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The Saline Load Test is Effective at Diagnosing Traumatic Arthrotomies of the Wrist

Gittings, Daniel J., MD; Fryhofer, George W., MD; Hast, Michael W., PhD; Steinberg, David R., MD; Levin, L. Scott, MD; Gray, Benjamin L., MD

Techniques in Hand & Upper Extremity Surgery: June 2019 - Volume 23 - Issue 2 - p 59–61
doi: 10.1097/BTH.0000000000000233
Techniques
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Background: The saline load test has previously been shown to be an effective tool to diagnose traumatic arthrotomies, but no studies have assessed the test’s efficacy in the wrist. The purpose of this study was to investigate the amount of fluid required during a saline load test to detect intra-articular wrist involvement of traumatic wounds with high sensitivity.

Methods: A cadaveric study was conducted using 7 thawed, fresh-frozen forequarter amputations from 7 different donors (3 male, 4 female). Specimen age (mean: 67.7 y, range: 52 to 80 y), laterality (1 right, 6 left), body weight (mean: 164.3 lbs, range: 100 to 223 lbs), and wrist range of motion (ROM) was assessed before testing. The wrist capsule was punctured with an 11-blade scalpel through the 6R radiocarpal portal site under fluoroscopic guidance to ensure the injury was intra-articular. A 19-G needle was then placed through the 3,4 radiocarpal portal site and confirmed with fluoroscopy to ensure intra-articular placement. Normal saline was then injected at a steady rate into the 3,4 radiocarpal portal site until extravasation of the saline was observed from the 6R radiocarpal arthrotomy site. The volume of saline required for extravasation from the 6R radiocarpal arthrotomy was recorded as the volume required to detect the arthrotomy. A plot of saline volumes (by percentile) was created, and a logarithmic distribution was calculated. A Wilcoxon rank-sum test was used to compare injection volumes between male and female specimens, and Pearson Coefficients were used to determine any correlations between injection volume and ROM.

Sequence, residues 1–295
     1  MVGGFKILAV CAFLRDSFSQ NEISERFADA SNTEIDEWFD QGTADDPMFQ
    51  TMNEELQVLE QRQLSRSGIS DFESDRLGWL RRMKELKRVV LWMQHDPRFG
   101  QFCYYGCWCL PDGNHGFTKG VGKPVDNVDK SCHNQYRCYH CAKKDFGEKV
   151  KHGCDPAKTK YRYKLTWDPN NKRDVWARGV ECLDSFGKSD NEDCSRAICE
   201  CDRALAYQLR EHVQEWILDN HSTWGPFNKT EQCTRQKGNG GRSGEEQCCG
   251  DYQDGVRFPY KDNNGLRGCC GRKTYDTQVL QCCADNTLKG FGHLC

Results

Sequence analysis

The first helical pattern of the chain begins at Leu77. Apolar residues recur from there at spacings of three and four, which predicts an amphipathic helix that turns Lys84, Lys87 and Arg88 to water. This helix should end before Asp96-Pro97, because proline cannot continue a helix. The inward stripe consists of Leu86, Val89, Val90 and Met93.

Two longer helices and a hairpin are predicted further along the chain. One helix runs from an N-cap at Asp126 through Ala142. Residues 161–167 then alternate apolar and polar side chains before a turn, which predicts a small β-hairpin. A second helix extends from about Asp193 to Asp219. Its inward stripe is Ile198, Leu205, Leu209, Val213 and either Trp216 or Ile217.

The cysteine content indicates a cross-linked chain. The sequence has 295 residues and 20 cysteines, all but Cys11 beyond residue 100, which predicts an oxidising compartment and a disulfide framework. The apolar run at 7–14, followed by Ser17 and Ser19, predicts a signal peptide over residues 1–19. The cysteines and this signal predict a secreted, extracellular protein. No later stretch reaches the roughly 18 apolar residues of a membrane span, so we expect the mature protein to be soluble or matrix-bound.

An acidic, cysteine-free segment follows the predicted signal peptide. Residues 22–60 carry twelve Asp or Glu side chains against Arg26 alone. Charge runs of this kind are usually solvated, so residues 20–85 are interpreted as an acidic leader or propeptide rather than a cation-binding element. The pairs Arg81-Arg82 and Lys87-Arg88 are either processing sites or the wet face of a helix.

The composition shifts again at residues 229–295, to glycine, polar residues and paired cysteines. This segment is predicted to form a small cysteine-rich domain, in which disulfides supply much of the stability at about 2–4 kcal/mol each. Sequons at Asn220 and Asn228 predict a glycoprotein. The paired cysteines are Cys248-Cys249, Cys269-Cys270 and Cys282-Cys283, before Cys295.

Results: The average amount of saline that resulted in extravasation was 4 mL (range: 2 to 7 mL). In order to identify 75%, 90%, 95%, and 99% of the simulated wrist arthrotomies, 5 (95% confidence interval: 3-7), 6 (4-9), 7 (4-10), and 9 (5-14) mL were required, respectively. Pretest ROM did not correlate with saline volume.

Conclusions: This study demonstrates the efficacy of the saline load test in detecting traumatic arthrotomies of the wrist joint with 95% sensitivity after loading 7 mL of saline. Prompt and accurate diagnosis of traumatic arthrotomies is paramount to guide management and optimize postinjury outcomes.

Biedermann Laboratory, Department of Orthopaedics, University of Pennsylvania, Philadelphia, PA

Conflicts of Interest and Source of Funding: D.R.S. has stock or stock options with Johnson and Johnson. L.S.L. receives research support from AxoGen and royalties from Mavrek. M.W.H. receives research support from DePuy Synthes and Integra. B.L.G. receives research support from Polyganics and is a paid consultant for DePuy Synthes. For the remaining authors none were declared.

Address correspondence and reprint requests to Benjamin L. Gray, MD, Biedermann Laboratory, Department of Orthopaedics, University of Pennsylvania, 3737 Market Street, 10th Floor, Philadelphia, PA 19104. E-mail: benjamin.gray@uphs.upenn.edu.

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